It was yet another example of how Canada fails to think of itself as a NAFTA nation. Instead of celebrating Mexican President Enrique Pena Nieto's proposal this month to open his country's energy sector to foreign investment, the reaction in Canada focused on the risk to the oil sands.
Yet, if ever there was a win-win situation for Mexicans and Canadians alike, it lies in Mr. Pena Nieto's visionary reform agenda. It promises to accelerate Mexico's rise from an emerging but troubled country with vast income inequality into a modern economy with a vibrant middle class. As Mexico's partner in the North American Free Trade Agreement, Canada can only benefit.
Opening up the energy sector is just the tip of the iceberg, albeit a rather massive tip in a reform agenda that includes bringing Mexico's education, telecommunications and tax systems into the modern era. For Mr. Pena Nieto, it means taking on vested interests in the country's bloated state-run energy sector, corrupt trade unionists in education, gridlock in Congress and – perhaps most daunting of all – regional kingpins in his own Institutional Revolutionary Party (PRI).
Previous Mexican leaders did not get very far with reform agendas that weren't half as ambitious as the one Mr. Pena Nieto, 47, has articulated since taking office in December. (His election victory marked the PRI's return to power after its only stint in opposition – from 2000 to 2012 – since 1929.) But by showing he is serious about cracking down on corruption both inside and outside the party, the Mr. Pena Nieto may yet succeed where his predecessors failed.
It all depends on whether Mr. Pena Nieto – who is limited to a single six-year term – can can persuade Mexicans to back his plan to open the country's energy sector to foreigners. If this taboo falls, it will kick start growth and trade and empower the youthful President to pursue his plan to raise taxes and fund much-needed physical and social infrastructure. The latter is the key to social mobility.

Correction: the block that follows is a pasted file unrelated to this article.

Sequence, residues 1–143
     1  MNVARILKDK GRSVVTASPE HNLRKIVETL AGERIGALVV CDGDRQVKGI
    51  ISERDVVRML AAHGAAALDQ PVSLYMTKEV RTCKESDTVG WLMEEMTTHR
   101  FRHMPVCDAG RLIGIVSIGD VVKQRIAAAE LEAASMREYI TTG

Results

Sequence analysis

Mr. Pena Nieto has garnered global attention with his energy plan, which would allow foreign companies to invest alongside the state oil monopoly Pemex in new production in exchange for a share of the profits. The President has deftly positioned his reform as a reasonable compromise that maintains public ownership of the country's oil reserves – a source of nationalist pride – while enabling investment- and technology-starved Pemex to up its game.
A proposal to break the state's electricity monopoly has made fewer headlines outside Mexico, but is critically important to the competitiveness of the country's manufacturers. They currently pay even higher rates for electricity than manufacturers in Ontario, sometimes twice as much. Lower rates would help Mexico lure more manufacturers back from Asia.
That would be good news for Canada and the United States. Integrated supply chains between the three NAFTA nations present opportunities for each partner to benefit from another's success. Increasingly, so-called "trade in tasks" – from product assembly and design, to engineering, logistics and financial services – is the rising tide that lifts all boats.
"Trade in tasks expands Canadians' opportunities to specialize in activities within an industry, a production network, or a global firm that best suit their talents or resources," notes a new C.D. Howe Institute study. "Such specialization is far more suited to sustaining high incomes for Canadians than are vertical, value-added strategies involving uneconomical natural-resources transformation at home."
The study was referring to the potential benefits of free trade between Canada and Europe. But the same logic applies to our relationship with Mexico. Indeed, since continental flows already dwarf the business we do with the rest of the world, even an incremental increase in North American trade can yield big gains. But it requires thinking of ourselves as a NAFTA nation.
"In the past, Mexico has been seen as the poor cousin and this has limited our vision of the potential of a strong North America," former trade minister Michael Wilson, who oversaw the NAFTA negotiations two decades ago, said in a recent speech. "The sooner we understand the benefits of being a distinct economic region and act that way, the easier it will be to take the policy decisions to help bring that vision to reality."
It is rarely a good idea for one trading partner to take sides in the internal politics of another. But Canadians should be quietly hoping Mr. Pena Nieto succeeds.